Voters of the Village of Altmar have spoken. Come June of 2013, the village will be dissolved, officially becoming part of the Town of Albion. But as our Candace Hopkins tells us, it was a close vote and village residents remain sharply divided.
ALTMAR, N.Y.-- Dozens of residents of the Village of Altmar cast their votes Tuesday, ultimately deciding by just a four vote margin to dissolve the village, making it part of the Town of Albion in 2013. It's a decision that many, including resident Kevin Haywood, say will be hard to face.
"We've lived here our whole lives you know, and all of a sudden now we're no longer Altmar, we have to be called Albion, or whatever they're going to decide to call us, and I think we're gonna kinda lose the history of what this town is, and what it is about," said Haywood.
When the final votes were tallied, 54 people voted in favor of dissolution, and only 50 to keep the village as is.
That means come June of 2013, the Town of Albion will assume all of the village's former responsibilities, minus brush and leaf pickup. It also means that the village's eight part time employees, including clerk Margaret Bailey, will be out of jobs.
"I would miss the job because I like doing this type of work, it's not a highly paid job, so the money's not an issue by any means, but I'd miss the work," said Bailey.
By dissolving the village, the Town of Albion will be eligible for increased state aid to offset property taxes. But many people worry services and departments will suffer, like the fire department. It is currently owned by the village and will be forced to become an independent department, driving up operating costs.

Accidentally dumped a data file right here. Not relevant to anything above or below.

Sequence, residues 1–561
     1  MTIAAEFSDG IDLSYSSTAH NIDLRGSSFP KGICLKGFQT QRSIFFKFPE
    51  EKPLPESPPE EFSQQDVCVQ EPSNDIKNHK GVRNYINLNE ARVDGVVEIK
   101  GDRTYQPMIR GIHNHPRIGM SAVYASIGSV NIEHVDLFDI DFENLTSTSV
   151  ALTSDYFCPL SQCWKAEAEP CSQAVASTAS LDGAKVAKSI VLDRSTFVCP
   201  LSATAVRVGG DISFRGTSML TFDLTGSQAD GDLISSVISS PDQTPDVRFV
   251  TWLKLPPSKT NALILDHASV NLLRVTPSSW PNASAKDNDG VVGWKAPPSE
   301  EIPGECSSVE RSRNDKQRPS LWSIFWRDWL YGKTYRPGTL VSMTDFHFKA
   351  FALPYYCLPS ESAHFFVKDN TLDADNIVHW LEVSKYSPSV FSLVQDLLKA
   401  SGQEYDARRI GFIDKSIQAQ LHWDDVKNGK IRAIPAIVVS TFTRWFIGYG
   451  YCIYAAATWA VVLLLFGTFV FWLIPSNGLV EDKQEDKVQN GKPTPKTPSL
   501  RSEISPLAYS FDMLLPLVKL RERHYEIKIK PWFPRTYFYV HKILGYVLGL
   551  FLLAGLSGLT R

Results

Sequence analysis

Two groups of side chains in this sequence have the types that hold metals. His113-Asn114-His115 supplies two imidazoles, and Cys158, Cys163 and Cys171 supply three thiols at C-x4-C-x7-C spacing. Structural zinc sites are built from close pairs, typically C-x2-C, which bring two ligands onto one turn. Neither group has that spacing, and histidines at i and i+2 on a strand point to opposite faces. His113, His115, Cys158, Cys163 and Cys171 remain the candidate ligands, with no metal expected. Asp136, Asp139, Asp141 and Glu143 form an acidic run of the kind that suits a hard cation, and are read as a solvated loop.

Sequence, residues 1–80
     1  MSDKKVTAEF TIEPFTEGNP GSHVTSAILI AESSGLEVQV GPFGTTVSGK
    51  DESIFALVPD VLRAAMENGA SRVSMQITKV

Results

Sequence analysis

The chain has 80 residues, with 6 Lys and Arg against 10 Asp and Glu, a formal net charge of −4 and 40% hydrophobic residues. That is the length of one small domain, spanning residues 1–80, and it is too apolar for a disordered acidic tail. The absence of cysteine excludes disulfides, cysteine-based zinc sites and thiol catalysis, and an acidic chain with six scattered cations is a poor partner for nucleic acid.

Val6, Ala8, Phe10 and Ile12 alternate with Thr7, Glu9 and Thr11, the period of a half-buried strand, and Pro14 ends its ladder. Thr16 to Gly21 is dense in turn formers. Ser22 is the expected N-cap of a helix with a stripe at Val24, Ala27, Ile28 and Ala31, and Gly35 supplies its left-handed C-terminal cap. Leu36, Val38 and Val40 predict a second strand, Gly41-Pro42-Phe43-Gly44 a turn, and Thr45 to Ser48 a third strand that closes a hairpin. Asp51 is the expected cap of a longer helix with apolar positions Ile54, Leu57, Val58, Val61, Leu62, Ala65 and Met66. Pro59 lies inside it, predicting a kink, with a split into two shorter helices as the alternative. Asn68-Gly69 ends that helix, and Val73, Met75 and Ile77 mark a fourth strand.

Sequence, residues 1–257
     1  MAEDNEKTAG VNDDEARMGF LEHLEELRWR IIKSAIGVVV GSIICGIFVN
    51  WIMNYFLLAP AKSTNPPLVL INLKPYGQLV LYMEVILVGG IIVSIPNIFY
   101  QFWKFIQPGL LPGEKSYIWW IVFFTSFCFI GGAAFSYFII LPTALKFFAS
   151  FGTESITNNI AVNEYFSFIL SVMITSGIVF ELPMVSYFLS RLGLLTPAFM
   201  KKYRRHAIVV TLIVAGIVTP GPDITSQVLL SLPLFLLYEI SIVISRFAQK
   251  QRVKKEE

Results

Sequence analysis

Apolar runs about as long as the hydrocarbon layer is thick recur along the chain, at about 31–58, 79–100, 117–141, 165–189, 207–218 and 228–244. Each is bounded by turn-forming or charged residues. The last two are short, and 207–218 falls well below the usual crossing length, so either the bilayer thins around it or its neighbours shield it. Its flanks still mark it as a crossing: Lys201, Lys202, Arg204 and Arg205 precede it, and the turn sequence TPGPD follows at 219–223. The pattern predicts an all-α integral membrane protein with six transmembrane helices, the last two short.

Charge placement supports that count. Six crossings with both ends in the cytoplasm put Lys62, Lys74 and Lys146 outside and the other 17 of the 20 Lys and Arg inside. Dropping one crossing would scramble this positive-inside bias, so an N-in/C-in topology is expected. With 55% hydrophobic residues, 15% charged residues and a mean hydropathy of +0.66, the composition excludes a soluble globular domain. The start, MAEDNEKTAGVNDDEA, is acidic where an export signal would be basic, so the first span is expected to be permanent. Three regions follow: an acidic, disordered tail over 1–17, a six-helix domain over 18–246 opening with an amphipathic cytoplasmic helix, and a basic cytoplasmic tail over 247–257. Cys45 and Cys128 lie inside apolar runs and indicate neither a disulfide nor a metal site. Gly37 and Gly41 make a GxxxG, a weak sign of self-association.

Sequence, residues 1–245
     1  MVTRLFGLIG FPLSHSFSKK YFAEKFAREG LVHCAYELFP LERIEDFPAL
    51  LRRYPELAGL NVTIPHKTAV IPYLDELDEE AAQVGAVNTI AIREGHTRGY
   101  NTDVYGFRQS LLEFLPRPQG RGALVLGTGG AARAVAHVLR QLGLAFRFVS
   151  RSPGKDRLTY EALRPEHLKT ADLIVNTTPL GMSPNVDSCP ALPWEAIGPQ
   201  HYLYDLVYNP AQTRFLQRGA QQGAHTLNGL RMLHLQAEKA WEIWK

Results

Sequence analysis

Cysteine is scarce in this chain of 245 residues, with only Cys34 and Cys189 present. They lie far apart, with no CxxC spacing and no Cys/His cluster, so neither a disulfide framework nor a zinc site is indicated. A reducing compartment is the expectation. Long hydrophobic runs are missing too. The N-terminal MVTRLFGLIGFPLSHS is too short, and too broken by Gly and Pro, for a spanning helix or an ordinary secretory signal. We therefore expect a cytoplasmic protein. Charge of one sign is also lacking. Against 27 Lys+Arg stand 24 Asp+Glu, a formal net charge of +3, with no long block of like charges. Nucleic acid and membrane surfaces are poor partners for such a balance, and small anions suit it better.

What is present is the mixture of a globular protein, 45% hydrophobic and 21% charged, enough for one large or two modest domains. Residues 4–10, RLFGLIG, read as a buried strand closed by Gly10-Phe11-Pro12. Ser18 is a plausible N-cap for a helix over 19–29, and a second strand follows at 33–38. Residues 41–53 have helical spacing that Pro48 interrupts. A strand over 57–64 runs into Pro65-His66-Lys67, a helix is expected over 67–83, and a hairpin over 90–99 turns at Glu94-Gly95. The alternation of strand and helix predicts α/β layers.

Donald Spearance Jr. has lived in Altmar all his life, and is also a volunteer firefighter.
"We'll have to have more fundraisers for ourselves, we do fundraisers now as it is, we'll just have to find more ways to raise money to keep the apparatus that we have up to date," said Spearance.
But some residents who support dissolution believe maintenance and upkeep in the village will actually improve under the town's watch, including Ronald Haney.
"I hope that it comes down to that everything gets done and gets done right and not looked around and looked past," said Haney.
In the end, residents say while the village will technically disappear, their community and its identity is here to stay.